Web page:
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Biden's Overhyped Immigration "Crackdown"

Plus: A baby-making vibe shift.

1. Has Biden’s Immigration “Crackdown” Been Overhyped?

Two recent moves from President Biden cut against the idea that he’s taken a hardline turn on securing the border. (CNN)

CNN senior reporter Edward-Isaac Dovere: “Looking to shore up Latino votes in Nevada and Arizona for his reelection campaign, President Joe Biden is on the verge of soon following up last week’s executive action aimed at curbing border crossings with another move focused on providing legal status for long-term undocumented immigrants who are married to American citizens.”

Biden’s latest plan could provide legal status for 750,000 to 800,000 undocumented immigrants married to American citizens.

  • The administration is reviewing "parole in place," which would shield select undocumented immigrants from deportation and allow them to work legally.

Also: Biden’s executive order last week was supposed to block most asylum seekers from entering the country, but there appears to be a gaping loophole.

Washington Examiner reporter Anna Giaritelli: “U.S. Border Patrol agents in Southern California have been instructed to admit migrants from far-off countries rather than place them in removal proceedings, a move that goes against the White House’s Tuesday ban on asylum-seekers.”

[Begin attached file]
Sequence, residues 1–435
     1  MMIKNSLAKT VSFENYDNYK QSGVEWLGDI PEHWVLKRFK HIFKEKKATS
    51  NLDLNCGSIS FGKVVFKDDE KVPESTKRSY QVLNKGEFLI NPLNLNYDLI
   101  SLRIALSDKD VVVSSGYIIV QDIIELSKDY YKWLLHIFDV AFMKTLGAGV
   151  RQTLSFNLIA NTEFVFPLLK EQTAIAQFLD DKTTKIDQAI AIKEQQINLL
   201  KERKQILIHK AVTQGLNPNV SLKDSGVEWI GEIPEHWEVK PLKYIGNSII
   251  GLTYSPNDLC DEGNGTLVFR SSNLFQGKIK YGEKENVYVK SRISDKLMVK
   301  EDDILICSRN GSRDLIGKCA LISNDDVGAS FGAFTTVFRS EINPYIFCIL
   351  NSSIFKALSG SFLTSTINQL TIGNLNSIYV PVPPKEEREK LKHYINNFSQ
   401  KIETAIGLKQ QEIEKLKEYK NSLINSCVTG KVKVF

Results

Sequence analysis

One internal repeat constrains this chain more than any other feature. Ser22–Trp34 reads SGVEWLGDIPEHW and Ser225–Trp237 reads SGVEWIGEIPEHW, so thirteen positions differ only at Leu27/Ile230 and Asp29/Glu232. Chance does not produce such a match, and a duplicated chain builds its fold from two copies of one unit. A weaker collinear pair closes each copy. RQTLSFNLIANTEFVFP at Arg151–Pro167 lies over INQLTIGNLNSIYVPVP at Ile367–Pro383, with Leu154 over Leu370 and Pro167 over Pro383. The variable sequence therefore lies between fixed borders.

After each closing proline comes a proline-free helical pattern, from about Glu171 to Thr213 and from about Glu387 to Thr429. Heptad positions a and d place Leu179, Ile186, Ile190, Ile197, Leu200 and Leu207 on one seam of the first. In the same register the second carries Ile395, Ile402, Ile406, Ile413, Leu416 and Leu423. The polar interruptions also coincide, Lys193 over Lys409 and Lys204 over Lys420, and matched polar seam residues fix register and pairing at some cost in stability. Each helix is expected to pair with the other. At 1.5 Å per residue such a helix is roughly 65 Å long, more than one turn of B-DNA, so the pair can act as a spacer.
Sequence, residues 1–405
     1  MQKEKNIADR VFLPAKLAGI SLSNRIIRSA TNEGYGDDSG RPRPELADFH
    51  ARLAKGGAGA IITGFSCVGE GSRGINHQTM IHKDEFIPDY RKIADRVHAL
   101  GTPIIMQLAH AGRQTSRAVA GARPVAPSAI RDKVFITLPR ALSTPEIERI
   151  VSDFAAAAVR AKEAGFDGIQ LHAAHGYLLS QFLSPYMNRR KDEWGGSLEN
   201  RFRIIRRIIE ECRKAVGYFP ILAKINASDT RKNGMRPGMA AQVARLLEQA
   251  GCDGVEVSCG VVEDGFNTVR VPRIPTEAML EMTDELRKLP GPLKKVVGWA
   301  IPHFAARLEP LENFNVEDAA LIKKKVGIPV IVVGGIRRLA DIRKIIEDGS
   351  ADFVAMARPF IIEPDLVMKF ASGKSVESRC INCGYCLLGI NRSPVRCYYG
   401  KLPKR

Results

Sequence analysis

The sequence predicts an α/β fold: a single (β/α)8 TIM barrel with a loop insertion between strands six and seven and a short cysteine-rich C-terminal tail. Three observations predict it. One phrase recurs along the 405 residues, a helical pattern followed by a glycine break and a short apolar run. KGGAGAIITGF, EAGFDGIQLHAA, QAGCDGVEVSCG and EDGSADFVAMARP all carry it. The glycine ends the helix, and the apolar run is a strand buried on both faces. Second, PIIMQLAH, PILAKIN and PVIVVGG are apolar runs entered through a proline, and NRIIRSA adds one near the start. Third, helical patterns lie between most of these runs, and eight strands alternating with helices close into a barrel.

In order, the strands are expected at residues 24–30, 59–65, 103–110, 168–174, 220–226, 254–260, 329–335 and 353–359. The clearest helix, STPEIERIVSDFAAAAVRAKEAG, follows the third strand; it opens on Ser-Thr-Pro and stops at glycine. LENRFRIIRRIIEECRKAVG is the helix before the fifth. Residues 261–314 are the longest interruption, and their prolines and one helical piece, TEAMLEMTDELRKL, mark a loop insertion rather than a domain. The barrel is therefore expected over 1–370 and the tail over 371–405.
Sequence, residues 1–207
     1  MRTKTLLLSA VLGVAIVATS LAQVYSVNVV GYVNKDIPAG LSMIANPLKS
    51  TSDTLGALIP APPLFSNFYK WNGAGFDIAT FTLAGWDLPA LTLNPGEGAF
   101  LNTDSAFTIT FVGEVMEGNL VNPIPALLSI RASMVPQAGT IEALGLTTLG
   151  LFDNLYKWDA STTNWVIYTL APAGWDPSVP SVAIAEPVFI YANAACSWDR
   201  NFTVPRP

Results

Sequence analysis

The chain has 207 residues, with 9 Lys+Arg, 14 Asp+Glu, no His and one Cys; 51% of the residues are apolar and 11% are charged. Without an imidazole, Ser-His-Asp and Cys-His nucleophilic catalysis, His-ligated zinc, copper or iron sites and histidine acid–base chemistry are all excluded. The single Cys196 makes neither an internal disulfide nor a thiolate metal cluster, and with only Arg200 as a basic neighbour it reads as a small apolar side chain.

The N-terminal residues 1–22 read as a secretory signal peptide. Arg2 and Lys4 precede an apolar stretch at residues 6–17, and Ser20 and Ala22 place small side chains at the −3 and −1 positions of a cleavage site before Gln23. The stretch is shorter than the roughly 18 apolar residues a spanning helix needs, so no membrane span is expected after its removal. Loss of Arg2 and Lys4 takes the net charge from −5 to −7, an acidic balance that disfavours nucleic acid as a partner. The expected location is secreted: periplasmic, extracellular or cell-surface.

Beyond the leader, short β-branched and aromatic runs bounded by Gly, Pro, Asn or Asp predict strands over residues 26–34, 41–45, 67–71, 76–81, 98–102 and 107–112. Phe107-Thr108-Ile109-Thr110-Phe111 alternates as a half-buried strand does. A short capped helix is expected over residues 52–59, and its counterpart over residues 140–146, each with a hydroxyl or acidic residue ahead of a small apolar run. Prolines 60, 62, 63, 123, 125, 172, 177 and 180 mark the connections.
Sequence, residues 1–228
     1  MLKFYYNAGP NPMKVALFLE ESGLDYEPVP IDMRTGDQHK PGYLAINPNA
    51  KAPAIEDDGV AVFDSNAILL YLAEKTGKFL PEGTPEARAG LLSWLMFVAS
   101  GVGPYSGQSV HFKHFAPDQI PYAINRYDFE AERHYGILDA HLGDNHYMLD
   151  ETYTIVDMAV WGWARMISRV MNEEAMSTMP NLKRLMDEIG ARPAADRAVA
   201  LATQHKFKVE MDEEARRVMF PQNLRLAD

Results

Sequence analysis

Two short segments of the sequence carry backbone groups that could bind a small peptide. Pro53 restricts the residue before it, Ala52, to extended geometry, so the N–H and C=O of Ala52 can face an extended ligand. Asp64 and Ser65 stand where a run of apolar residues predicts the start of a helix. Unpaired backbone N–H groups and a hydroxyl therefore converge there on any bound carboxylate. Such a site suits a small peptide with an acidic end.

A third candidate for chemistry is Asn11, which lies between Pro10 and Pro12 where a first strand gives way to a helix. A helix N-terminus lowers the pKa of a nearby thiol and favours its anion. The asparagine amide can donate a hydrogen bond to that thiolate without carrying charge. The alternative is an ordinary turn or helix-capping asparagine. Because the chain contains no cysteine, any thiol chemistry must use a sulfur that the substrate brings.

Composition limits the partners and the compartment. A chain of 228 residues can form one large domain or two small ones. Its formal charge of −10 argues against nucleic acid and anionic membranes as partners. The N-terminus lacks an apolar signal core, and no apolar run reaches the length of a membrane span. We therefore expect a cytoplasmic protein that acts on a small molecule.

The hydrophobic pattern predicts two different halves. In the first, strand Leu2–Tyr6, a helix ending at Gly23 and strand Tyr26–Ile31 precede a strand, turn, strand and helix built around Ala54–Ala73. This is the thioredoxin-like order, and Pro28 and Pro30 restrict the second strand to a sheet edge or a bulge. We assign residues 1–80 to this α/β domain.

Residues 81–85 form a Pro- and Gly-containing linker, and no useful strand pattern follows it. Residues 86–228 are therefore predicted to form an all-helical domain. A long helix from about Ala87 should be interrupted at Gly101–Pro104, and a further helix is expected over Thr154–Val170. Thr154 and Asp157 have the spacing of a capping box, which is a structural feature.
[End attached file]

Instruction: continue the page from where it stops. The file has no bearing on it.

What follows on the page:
2. Democrats Are Pretty Radical, Too

While the “MAGA”-fication of the GOP has been extensively covered in the mainstream media, we shouldn’t ignore that Democrats have also become more ideologically extreme. (Semafor)

A new Gallup poll: From 2004 to 2024, the percentage of Democrats identifying as liberal on social issues increased by 30 points.

  • On economic issues, the percentage of Democrats identifying as liberal nearly doubled over the same period.

Gallup analyst Justin McCarthy: “Compared with 2004 and 2014, Republicans have become more conservative and Democrats have become more liberal in their views on both social and economic issues, but not at the same rate [emphasis added]. The growth in liberal views among Democrats has outpaced that in conservative views among Republicans, which were already the dominant position among the latter group.”

Related: A Morning Consult poll in September found the Democratic Party is seen as more ideologically extreme than the GOP by a 9-point margin.

  • Progressives, the most liberal faction of Democrats, have an outsized influence on the party despite making up only 6% of the public and 12% of Dem/lean Dem voters.

Bubba’s Two Cents

Republican extremism makes headlines while Democrats’ radicalism flies under the media’s radar, for the most part. The mainstream press has decided the current political moment is a good guys vs bad guys scenario. In reality, both parties are a little bit weird and crazy.

3. The Baby-Making Vibe Shift

Americans’ views on the importance of starting families have shifted in a big way. (Pew Research Center)